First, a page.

Suddenly have an insect infestation after using potting soils? Tiny little gnats flying out of the soil in pots and your garden? Yeah, me too. I found out that they’re called fungus gnats, and they are certainly annoying!
I was so ecstatic to have put together my first raised bed for a vegetable garden. It’s nearly full with mushroom compost received from a neighbor, who got a huge haul at a local mushroom farm. The final touch was to add some garden soil to the top of the bed and plant some seeds.
Tiny Fungus Gnats in New Potting Soil
A special sale at a major home improvement store meant that organic Miracle-Gro soil was just $5 a bag – a pretty good deal. I got two and immediately added it to my bed.
(While this is my experience with this brand, I also tried EcoScraps potting soil and had the same fungus gnat problem. And plenty other people – see the many comments below – have also had issues with other brands, too.)
The next day, I went out to check on my raised bed and noticed the soil teeming with tiny little flies with white wings.
These insects were NOT in the compost before I added I the soil, yet appeared in droves within 24 hours of dumping the bag of soil into my raised bed.
I checked the mound of mushroom compost that I still had in another garden bed that was delivered the same day. Nope, the insects weren’t in there. I asked my neighbor if he had any problems with the tiny flies in his piles of compost. It was the same compost from the same delivery. That was a negative, too.
So I determined that the organic soil that I bought to complete my vegetable garden actually caused a HUGE problem that now I have to deal with.
Potting Soil Killing Plants
I bought Miracle-Gro soil (the conventional kind) last year. I had three healthy houseplants that I had bought from the store and kept in pots for a few weeks that were fine. When I decided to finally repot them I bought one bag of soil. All three plants were planted in this same soil, and then placed indoors and outdoors in different locations.
ALL of the plants started developing problems and were infested with gnats. I lost $30 of plants, tons of time in taking care of them, and time spent to return the stuff to Home Depot where the cashier looked at me dubiously as to how my soil could have caused this.
Problems with Fungus Gnats and Potting Soil
Now, fast forward another year, and I’m researching gnat insect infestations online (I have SO much time in my life to do this, by the way) and finding out that this is a very common problem with bagged soils, as evidenced in this stream of negative reviews.
This is such an issue that the first comment for these gnat bait traps on Amazon speaks directly about using the baits to kill gnats on houseplants brought in due to bagged potting soil. Apparently these will work, but I haven’t tried them out.
The solution in review comments is that there is a money back guarantee. How do I put soil back into a bag ripped in half in order to get the soil out? How do I return this nasty stuff to the store without getting it everywhere all over my car?!? Most importantly, what about MY time??? The time spent in researching this problem, in tending to plants at risk, to monitoring insect populations and in applying remedies? Isn’t my time more valuable than the $5 that I spent on the soil??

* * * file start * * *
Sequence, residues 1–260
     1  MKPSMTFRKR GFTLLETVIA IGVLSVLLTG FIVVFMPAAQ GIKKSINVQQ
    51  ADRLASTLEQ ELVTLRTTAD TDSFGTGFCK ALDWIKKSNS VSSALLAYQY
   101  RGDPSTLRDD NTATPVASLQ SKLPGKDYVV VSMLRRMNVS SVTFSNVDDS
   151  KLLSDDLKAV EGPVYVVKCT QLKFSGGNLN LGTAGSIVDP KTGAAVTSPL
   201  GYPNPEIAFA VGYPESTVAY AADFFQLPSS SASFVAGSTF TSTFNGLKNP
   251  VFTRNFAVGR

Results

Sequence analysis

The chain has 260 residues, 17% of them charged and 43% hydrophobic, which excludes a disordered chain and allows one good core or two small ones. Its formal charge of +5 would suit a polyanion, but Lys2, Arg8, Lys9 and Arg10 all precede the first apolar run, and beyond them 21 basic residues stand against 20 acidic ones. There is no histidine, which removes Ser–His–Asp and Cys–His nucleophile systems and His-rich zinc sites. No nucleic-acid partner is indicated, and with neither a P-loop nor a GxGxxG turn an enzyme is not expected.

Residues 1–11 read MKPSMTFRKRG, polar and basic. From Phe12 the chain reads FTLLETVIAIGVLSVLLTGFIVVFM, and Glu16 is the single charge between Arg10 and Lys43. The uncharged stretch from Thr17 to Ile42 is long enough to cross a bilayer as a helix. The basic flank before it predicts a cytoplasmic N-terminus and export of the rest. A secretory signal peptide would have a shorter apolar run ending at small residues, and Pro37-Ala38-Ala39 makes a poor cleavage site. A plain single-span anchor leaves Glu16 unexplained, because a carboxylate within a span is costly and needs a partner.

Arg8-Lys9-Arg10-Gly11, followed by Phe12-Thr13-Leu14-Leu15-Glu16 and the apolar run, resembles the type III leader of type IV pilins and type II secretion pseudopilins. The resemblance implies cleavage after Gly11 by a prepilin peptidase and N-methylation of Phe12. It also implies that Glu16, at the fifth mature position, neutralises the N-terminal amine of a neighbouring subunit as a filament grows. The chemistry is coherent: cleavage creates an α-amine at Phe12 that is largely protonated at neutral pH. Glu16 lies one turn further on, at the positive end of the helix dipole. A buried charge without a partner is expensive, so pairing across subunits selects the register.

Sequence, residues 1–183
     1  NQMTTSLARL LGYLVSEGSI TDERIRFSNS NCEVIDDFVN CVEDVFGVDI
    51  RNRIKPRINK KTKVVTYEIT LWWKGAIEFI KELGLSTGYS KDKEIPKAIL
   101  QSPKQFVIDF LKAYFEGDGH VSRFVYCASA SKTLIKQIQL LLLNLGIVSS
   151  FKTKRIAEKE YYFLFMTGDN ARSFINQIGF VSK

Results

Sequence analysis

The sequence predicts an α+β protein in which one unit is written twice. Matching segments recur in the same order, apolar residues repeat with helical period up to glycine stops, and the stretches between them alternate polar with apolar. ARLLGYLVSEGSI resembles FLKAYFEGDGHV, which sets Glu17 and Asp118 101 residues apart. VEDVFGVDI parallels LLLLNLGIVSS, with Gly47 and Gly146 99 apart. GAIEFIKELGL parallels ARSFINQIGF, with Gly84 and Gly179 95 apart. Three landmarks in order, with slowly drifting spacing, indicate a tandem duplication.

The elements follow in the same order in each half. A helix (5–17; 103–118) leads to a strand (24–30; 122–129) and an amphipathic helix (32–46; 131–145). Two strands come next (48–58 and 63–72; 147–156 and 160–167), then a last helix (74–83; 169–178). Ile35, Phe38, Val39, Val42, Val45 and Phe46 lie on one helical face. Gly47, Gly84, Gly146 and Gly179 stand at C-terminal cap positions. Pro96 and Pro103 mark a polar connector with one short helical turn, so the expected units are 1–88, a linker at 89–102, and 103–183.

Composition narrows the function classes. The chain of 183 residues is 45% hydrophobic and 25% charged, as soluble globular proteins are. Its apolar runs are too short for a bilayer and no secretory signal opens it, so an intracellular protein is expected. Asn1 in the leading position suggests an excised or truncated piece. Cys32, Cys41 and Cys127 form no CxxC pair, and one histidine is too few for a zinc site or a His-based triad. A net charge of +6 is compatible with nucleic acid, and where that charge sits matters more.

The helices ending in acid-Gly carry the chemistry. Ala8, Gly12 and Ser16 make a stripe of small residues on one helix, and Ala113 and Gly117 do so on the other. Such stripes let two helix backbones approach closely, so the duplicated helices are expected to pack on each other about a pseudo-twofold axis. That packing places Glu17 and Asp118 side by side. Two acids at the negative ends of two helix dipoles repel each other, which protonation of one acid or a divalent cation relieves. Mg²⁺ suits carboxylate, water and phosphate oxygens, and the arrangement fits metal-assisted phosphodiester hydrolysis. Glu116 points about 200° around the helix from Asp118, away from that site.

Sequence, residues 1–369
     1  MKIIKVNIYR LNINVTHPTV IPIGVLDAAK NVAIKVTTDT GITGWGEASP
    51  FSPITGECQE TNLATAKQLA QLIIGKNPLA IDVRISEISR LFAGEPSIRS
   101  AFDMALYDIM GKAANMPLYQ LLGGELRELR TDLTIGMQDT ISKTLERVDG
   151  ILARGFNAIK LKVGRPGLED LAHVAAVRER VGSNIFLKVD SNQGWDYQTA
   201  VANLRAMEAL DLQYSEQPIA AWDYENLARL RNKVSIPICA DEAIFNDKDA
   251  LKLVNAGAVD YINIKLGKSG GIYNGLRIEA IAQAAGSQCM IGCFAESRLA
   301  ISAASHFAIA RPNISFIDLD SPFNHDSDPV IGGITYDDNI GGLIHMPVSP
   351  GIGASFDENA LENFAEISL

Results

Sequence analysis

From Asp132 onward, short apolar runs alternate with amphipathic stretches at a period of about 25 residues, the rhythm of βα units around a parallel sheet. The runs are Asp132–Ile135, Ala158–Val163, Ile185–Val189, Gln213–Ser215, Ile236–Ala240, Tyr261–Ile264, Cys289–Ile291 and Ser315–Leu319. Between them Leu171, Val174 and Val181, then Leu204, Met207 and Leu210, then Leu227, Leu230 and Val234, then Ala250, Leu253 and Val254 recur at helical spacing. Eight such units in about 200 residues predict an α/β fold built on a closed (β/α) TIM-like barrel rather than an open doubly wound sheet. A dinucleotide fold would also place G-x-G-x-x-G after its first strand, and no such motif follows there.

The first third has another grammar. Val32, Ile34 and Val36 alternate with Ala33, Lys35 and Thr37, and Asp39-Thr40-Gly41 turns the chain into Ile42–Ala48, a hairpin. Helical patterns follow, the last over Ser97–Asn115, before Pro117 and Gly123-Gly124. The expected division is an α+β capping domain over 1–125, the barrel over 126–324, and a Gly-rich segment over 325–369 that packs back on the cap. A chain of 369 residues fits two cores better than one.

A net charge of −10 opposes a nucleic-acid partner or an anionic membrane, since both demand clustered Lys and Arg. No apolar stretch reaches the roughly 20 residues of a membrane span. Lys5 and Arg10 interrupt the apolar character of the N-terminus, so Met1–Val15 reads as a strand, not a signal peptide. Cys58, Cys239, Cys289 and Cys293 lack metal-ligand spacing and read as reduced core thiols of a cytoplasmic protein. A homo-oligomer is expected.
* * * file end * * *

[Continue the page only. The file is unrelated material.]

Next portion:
Check out my course on easy to grow, hard to kill houseplants to add to your home right now! These gorgeous plants will start detoxing your indoor air immediately:
Best Houseplants to Detox Your Home
How to Kill Fungus Gnats
Responses to fungus gnat infestation complaints generally say that the gnats are not a problem to humans. And they cause little damage to plants.
The University of California Integrated Pest Management says differently. They state that a large infestation can kill seedlings or young plants.
The company’s response is also that adding 1/2 inch or more of sand to the top of your pots will help control the fungus gnats.
Which is good news for those of you who were wanting the look of houseplants planted at the beach or love the feel of the Sahara desert in your garden bed.
P.S. If you don’t mind the look of sand or rocks on your houseplants, here’s a recipe for how to get rid of fungus gnats using sand.
Also great for those of you who want to spend more money on unnecessary products when all you really wanted was a simple bag of potting soil and to be done.
But hey, now you get to go back to a garden center and buy sand and plant sprays and plant amendments. YAY!!!!!!
I had tried soaking my garden bed with insecticidal soap, which apparently doesn’t work on killing fungus gnats.
Adding sand to my garden beds was not an option for me. I was not going to buy a bag of sand, nor did I want to mess with this issue any more.
I basically just lost the entire garden bed and never went back to try again.
- How to Get Rid of Gnats
- How to Keep Your Plants Alive While on Vacation
- Four Colorful Carefree Plants for Your Garden
Potting Plants in Compost
After this experience, I don’t buy potting soil at all anymore.
I use straight mushroom compost to pot my plants. I buy mine at Lowe’s, where the price is comparable to a bag of potting soil, but you can buy mushroom compost online here).
Everyone says never to plant your plants directly in compost. Maybe that’s for rich compost straight from the backyard. Or only cow compost. I don’t know. But what I do know is that I’ve never had problems planting any plant in mushroom compost or worm casings. It costs a little more, but I don’t have to buy soil amendments, fertilizers, insect sprays from bringing in gnats in potting soil, etc.
If you don’t want to avoid potting soil and use compost, then I suggest you don’t try to pinch pennies like I was. Go to your local garden center and get your potting soil from them.